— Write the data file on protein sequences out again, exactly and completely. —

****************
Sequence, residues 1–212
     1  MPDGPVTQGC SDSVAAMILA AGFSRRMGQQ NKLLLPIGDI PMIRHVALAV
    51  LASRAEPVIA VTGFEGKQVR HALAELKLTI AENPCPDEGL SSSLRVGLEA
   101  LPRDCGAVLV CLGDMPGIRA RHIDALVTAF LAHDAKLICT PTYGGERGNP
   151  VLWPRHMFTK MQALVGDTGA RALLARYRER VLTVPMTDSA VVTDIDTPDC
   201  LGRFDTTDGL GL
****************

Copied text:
Sequence, residues 1–212
     1  MPDGPVTQGC SDSVAAMILA AGFSRRMGQQ NKLLLPIGDI PMIRHVALAV
    51  LASRAEPVIA VTGFEGKQVR HALAELKLTI AENPCPDEGL SSSLRVGLEA
   101  LPRDCGAVLV CLGDMPGIRA RHIDALVTAF LAHDAKLICT PTYGGERGNP
   151  VLWPRHMFTK MQALVGDTGA RALLARYRER VLTVPMTDSA VVTDIDTPDC
   201  LGRFDTTDGL GL